Twitpic, the picture sharing service of Twitter, has signed a deal that allows a third party agency called World Entertainment News Network (WENN) to license images posted on Twitpic, according to The New York Times.
Under the terms of the deal, the celebrity news and photo agency would be allowed to authorize uses for photos it doesn’t own, and take legal action against anyone who uses Twitpic images commercially without the agency’s permission. Whether or not WENN will share revenues with the owners of the images is unclear, but it apparently has no obligation to do so. (CEO Lloyd Beiny did not immediately respond to questions about whether WENN would share any revenues.)
How could this be, you might wonder? Well, the Twitpic terms of service–which users agree to when they sign up for a Twitpic account–give the photo sharing service “a worldwide, nonexclusive, royalty-free, sublicenseable and transferable license to use, reproduce, distribute, prepare derivative works of, display, and perform the [images uploaded to Twitpic] in connection with the Service and Twitpic’s (and its successors’ and affiliates’) business.”
In short, if you upload your images to Twitpic, you are are agreeing to make them available for license without any promise of compensation, or control over how they might be used or distributed.
For the record, Twitpic account holders retain ownership of their images. And WENN says that it is primarily interested in pictures uploaded by celebrities with Twitpic accounts, according to the Times story. But as the Times story notes, the Twitpic terms of service “do not distinguish between the rights of celebrity and non-celebrity users.”
Coincidentally, the Twipic terms of service are at the center of a legal dispute between photographer Daniel Morel and two other photo agencies: AFP and Getty Images. They distributed Morel’s exclusive images of the Haiti earthquake without his permission, after he uploaded them to Twitpic. They claimed they did nothing illegal on the grounds that Twitpic terms of service allow Twitpic users to reproduce and distribute images uploaded by other Twitpic users. Morel’s lawyers counter that the Twitpic terms of service give only Twitpic and its business partners the right to reproduce and distribute Twitpic images, and AFP and Getty are not Twitpic business partners. That case is still pending.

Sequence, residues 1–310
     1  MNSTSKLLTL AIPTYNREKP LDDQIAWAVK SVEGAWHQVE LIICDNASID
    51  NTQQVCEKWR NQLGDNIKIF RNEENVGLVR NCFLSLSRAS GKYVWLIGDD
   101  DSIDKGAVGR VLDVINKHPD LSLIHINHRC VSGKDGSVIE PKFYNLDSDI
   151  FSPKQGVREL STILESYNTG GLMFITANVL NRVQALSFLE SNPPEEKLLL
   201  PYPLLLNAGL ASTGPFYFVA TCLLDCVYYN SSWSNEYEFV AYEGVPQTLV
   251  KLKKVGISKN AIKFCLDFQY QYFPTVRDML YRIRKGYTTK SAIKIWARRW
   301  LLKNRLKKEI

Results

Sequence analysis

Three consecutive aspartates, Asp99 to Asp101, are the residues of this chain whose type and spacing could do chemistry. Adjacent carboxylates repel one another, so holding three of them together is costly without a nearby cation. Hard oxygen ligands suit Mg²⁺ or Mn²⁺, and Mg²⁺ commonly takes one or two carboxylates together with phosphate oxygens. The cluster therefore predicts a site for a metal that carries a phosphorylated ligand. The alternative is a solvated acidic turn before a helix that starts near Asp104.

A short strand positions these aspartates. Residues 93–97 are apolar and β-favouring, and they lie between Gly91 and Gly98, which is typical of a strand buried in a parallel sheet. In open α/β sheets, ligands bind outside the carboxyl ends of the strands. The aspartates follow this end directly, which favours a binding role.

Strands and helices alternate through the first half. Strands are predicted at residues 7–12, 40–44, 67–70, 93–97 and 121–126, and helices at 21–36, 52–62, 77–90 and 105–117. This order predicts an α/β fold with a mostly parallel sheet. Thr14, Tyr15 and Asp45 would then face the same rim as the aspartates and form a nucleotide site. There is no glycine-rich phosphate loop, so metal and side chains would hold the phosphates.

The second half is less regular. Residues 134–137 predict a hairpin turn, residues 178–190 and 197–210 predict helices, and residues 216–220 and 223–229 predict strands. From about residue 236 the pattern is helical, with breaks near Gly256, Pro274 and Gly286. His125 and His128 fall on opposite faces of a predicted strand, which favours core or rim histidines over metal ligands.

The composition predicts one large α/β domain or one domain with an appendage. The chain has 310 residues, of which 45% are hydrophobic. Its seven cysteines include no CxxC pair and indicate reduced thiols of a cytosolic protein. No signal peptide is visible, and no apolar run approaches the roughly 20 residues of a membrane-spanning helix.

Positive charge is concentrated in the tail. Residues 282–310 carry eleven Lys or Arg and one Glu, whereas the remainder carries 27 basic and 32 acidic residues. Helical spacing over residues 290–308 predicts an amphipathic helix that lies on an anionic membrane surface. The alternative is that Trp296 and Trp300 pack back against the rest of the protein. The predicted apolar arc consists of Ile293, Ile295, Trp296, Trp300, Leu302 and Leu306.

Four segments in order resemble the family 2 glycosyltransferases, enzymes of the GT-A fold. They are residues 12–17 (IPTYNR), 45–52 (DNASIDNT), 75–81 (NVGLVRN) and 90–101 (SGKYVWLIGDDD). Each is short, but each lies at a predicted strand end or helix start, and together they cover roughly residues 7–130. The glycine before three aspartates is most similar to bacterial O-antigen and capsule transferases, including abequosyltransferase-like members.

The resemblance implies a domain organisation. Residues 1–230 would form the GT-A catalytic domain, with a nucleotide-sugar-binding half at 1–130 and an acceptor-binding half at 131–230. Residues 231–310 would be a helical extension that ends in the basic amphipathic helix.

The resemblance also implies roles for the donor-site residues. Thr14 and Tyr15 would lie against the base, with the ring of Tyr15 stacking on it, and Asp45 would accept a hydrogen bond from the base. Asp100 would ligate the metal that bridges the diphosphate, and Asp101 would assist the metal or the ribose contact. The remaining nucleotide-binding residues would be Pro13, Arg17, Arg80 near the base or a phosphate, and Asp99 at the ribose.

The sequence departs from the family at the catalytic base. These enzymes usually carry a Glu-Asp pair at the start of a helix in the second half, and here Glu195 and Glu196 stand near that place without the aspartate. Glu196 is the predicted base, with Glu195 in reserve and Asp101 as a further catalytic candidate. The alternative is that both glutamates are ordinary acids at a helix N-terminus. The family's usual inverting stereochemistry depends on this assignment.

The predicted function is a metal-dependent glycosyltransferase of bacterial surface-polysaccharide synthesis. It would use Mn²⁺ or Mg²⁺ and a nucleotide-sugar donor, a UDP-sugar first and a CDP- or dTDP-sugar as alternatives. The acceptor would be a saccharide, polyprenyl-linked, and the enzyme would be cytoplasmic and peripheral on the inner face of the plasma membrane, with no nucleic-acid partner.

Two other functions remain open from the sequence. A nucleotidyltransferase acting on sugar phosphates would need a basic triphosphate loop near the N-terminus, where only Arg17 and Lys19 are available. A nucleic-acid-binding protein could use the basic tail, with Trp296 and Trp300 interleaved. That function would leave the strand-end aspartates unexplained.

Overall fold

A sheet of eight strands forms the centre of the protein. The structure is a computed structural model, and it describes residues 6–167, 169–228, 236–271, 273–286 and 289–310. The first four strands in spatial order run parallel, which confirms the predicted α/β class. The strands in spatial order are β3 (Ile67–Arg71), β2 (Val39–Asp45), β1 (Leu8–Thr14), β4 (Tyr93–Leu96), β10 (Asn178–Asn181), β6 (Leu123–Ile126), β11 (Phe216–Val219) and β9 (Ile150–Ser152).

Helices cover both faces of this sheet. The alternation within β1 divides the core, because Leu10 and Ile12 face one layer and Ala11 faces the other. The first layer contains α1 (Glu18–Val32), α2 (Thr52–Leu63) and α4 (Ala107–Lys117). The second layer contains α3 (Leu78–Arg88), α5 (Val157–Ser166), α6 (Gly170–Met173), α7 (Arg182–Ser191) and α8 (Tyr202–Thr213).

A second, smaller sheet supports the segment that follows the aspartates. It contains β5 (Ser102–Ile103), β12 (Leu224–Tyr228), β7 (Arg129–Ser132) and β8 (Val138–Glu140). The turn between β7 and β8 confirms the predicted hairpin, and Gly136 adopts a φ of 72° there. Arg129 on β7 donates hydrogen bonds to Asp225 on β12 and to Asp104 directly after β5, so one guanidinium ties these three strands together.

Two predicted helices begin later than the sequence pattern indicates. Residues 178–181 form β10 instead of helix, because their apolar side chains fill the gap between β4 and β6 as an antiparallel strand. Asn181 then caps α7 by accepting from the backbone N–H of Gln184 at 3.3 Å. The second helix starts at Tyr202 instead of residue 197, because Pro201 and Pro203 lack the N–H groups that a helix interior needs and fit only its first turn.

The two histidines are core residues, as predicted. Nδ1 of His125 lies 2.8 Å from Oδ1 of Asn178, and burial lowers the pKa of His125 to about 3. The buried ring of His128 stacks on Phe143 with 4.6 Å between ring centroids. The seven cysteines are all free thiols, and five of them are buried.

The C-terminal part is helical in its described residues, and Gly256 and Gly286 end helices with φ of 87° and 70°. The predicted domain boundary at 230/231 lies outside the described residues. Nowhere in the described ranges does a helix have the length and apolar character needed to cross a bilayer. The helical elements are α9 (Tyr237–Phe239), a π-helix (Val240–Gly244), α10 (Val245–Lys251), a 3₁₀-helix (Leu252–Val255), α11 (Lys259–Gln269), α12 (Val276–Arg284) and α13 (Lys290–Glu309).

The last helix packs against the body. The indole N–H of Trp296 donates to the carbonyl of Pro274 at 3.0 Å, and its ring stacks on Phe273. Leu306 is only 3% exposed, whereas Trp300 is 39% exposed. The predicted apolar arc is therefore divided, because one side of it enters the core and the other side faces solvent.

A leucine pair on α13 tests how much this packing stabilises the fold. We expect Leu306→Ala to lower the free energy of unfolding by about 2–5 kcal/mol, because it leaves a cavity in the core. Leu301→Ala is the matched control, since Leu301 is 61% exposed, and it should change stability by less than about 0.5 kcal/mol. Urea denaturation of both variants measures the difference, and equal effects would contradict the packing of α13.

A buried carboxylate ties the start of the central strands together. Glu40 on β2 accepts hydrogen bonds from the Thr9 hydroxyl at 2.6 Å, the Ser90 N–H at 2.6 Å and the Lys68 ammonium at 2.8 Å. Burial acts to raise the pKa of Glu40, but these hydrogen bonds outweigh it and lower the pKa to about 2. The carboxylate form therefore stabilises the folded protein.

Photographers often fall into the trap of thinking that because they have an artistic eye, they’re qualified to design their web site and promotions without help from a designer. But turn that logic on its head: What’s your reaction when a designer says, “Photography? I can just do that myself”? Design isn’t intuitive, any more... More ›
Few photographers are comfortable asking for donations to support their projects. Fundraising expert Dianne Debicella, program director at Community Partners in LA (and formerly senior program director at Fractured Atlas), reminds artists that they’re not begging. She explains why confidence is so important when asking potential donors for money: “You have to frame [the pitch]... More ›
Los Angeles photographer Travis Shinn spent a decade—“too long,” he says—as an assistant. “Get in, learn what you can and get out. Or you start getting bitter.” Here’s a quick test to help you figure out if it’s time to strike out on your own as a photographer: 1. Have you been assisting 5 years?... More ›